In Red Planet
the only thing thicker than the Martian atmosphere (which is breathable, by the way) is the layer of clichés that nearly smothers a formulaic beat-the-clock plot. Science fiction fans are sure to be forgiving, however, because the film is reasonably intelligent, boasts a few dazzling sequences, and presents fascinating technology in the year 2057.
We don't know how the Mars-1 spaceship gets to Mars in only six months (newfangled propulsion, no doubt), but we do get some cool diagnostic read-outs on tinfoil scrolls, an abundance of well-designed hardware, and a service-robot-turned-villain that's a high-tech hybrid of RoboCop, Bruce Lee, and a slinky panther with plenty of lethal attitude. The oxygen in the Martian atmosphere has resulted from nascent efforts at terraforming, made necessary by Earth's over-polluted condition. Mars-1 has been dispatched to determine why the terraforming is failing, and upon arrival everything goes inevitably haywire. Nearly two hours, three deaths, and multiple crises later (including the discovery of a Martian life form), "space janitor" Val Kilmer and his ultra-competent commander (Carrie-Anne Moss from The Matrix) have collaborated to set things right, capped off by second dose of the wretched narration that bookends the movie. Hoary material, to be sure, and as a veteran of TV commercials making his feature debut, director Anthony Hoffman is clearly more comfortable with flashy visuals than depth of character. Still, he keeps things humming right along. A perfectly suitable companion to another Y2K sci-fi thriller, Pitch Black, Red Planet is a fine way to kill a couple of hours. --Jeff Shannon, Amazon.com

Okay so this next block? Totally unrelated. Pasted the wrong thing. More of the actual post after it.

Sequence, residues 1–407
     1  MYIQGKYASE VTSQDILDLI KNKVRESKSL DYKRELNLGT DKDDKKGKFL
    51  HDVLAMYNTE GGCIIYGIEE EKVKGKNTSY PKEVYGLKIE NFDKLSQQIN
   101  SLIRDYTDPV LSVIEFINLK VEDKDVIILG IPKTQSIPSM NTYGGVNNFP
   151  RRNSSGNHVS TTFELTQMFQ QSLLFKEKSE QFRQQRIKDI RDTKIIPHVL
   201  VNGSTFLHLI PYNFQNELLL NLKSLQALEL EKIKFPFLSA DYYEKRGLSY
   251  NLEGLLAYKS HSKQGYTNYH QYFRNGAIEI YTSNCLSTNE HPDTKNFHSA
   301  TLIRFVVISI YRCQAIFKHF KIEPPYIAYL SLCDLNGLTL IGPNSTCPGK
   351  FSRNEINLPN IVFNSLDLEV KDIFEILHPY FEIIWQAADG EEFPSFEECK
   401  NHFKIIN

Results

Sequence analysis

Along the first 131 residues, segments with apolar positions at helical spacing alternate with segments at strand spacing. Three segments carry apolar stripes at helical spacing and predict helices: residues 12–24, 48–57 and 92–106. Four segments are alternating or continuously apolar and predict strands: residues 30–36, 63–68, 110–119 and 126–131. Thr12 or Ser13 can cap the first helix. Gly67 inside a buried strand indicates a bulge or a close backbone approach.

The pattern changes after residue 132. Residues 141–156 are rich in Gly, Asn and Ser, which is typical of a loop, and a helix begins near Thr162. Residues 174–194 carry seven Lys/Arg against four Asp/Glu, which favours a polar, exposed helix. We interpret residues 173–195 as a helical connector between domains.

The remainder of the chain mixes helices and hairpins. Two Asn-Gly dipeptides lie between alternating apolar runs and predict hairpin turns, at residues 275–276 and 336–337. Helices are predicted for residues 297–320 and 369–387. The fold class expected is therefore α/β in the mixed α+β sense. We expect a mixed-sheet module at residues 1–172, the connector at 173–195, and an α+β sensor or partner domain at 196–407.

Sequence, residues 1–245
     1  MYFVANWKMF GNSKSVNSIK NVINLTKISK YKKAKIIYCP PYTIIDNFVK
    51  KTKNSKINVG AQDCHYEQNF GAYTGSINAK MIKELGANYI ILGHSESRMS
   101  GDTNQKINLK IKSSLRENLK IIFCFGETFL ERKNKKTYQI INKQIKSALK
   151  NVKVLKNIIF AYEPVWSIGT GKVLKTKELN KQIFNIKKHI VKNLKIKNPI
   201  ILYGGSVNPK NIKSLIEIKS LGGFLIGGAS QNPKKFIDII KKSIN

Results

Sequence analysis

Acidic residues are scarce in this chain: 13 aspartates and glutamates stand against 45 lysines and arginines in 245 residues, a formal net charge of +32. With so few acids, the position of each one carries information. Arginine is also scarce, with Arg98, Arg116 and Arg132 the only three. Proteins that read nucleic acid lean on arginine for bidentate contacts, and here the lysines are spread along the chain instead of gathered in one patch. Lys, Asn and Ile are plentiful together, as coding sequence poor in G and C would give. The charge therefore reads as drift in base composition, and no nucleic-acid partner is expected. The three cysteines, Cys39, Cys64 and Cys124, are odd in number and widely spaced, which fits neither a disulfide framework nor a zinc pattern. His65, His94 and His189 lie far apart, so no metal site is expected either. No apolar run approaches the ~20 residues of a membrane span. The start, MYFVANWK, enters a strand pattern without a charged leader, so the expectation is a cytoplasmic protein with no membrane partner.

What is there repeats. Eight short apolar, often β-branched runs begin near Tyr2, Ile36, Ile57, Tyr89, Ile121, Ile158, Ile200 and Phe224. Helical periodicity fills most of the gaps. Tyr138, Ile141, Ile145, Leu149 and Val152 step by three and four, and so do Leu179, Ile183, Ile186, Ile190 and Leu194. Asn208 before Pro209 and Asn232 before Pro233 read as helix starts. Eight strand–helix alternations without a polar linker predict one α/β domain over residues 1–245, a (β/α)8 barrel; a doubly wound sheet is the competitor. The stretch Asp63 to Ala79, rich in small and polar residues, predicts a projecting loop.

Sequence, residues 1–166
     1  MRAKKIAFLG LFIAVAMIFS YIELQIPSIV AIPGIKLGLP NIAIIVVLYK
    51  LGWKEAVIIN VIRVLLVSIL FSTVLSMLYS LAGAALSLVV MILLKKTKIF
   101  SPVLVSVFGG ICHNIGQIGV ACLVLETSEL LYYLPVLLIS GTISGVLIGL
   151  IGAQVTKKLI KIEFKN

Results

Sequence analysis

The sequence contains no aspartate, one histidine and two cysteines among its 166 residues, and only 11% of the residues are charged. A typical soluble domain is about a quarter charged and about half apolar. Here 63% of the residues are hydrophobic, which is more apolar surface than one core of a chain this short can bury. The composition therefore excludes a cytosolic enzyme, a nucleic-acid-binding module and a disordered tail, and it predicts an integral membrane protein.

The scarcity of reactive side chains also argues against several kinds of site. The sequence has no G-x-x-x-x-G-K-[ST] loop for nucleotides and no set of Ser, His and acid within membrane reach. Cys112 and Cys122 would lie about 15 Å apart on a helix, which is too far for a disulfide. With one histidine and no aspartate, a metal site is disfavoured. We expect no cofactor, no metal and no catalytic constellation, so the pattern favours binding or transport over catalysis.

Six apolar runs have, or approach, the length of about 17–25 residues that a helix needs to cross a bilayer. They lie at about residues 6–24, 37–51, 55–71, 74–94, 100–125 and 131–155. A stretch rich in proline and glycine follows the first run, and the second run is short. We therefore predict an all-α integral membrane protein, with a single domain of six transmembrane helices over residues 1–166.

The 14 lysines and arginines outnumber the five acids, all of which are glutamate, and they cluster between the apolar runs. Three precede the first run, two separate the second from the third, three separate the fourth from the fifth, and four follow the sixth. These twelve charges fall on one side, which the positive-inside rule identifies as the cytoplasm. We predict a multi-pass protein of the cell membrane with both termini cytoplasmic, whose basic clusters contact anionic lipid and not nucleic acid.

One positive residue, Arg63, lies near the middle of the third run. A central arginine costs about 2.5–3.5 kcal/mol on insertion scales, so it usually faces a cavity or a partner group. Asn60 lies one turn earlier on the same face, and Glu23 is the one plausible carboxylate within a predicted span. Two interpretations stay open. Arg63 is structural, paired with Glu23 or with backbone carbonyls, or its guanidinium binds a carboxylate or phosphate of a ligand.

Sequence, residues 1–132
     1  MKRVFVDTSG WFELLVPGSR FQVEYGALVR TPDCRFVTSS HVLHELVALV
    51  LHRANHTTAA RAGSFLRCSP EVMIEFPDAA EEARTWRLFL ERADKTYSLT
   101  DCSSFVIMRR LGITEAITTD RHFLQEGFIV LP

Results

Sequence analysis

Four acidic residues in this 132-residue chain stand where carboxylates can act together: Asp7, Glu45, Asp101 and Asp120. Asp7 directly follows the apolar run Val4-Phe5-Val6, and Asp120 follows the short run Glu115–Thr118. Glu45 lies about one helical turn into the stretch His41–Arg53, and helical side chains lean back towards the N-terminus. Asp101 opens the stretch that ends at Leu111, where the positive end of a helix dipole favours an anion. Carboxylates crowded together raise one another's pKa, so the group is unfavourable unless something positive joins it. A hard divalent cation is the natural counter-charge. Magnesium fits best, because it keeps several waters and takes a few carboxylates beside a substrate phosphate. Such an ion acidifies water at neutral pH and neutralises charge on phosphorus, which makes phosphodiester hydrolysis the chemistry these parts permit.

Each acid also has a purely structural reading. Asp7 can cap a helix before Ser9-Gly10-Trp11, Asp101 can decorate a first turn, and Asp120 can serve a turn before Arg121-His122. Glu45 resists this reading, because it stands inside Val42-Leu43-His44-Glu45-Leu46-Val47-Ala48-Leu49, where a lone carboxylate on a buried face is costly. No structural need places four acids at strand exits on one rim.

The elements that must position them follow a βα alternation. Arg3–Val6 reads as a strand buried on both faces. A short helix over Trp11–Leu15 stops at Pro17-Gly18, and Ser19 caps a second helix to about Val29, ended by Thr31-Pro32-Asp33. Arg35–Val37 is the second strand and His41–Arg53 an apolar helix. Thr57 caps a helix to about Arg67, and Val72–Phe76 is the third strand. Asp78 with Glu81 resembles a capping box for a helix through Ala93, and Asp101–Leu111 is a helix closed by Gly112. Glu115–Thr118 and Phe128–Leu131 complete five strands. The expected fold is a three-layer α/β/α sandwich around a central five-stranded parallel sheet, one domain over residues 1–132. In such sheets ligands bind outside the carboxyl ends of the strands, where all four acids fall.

audio inglese sottotitolato in italianoin un futuro non meglio precisato, la terra agli sgoccioli. l'unica speranza di salvezza per l'umanit sta su marte, il pianeta rosso, dove gli scienziati da lungo tempo progettano di costruire una colonia.